Always look. More things are missed by not looking than not knowing.

Other traps for few vets:

Second most important thing for a veterinarian to remember about the species they are treating

I’m surprised and thrilled that my previous post, Single most important thing for a veterinarian to remember about the species they are treating, has achieved so many notes. I didn’t expect so many people to find this helpful or amusing, but you did.

But it’s been a while. You all work or study hard, so you must be ready for the next lesson.

Here it comes!

If you can find room in your busy brains to remember two factoids about the species you are treating, make room for these.

Dog: Mast Cell Tumors can look like anything. Do your Fine Needle Aspirates!

Cat: Cats are nature’s jigsaw puzzles. Put the pieces close enough together and they will heal.

Horse: Do not trust a pony to tell you it is in pain. They rarely show pain to the same degree as a horse.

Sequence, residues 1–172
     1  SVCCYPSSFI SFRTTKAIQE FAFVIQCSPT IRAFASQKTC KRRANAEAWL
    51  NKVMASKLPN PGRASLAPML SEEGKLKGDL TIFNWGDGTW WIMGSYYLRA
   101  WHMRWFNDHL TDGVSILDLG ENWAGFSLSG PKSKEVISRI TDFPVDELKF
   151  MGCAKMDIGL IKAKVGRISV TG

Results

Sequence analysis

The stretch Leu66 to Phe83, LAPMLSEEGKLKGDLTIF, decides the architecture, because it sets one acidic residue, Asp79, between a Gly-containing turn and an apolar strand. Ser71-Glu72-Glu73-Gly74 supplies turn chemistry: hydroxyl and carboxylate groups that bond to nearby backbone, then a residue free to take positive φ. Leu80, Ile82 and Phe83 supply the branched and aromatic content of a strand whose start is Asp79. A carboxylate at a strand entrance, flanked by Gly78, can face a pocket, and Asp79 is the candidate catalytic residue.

Cattle: You cannot push around 500kg worth of opinionated beef. I don’t care how much you work out at the gym, you will not out muscle a cow. Don’t try, sedatives are wonderful things.

Sheep: One day you may have to euthanise somebody’s pet sheep, and a bullet won’t be appropriate. They have a reasonable cephalic vein where wool changes to fur. Actually, all animals have a cephalic vein.

Goats: Goats can be sensitive to sedatives and anaesthesia, but it’s hard to go wrong with valium.

Deer: Why haven’t you shot it yet? They are wild, you can’t medicate them regularly, can barely handle them and fawns raised as orphans will see you as a rival come mating season…

Birds: There are only minor differences between the beak of a large macaw and a flesh eating eagle. Mind fingers.

Raptors(eg Eagles): They are actually easy to poison, they will eat baited meat and poisoned prey.

Chickens: It is not as difficult as you think to give tablets to a chicken.

Water birds: They get fungal pneumonias very easily. Keep all your expired antifungals, you just might need it for a duck on a budget one day.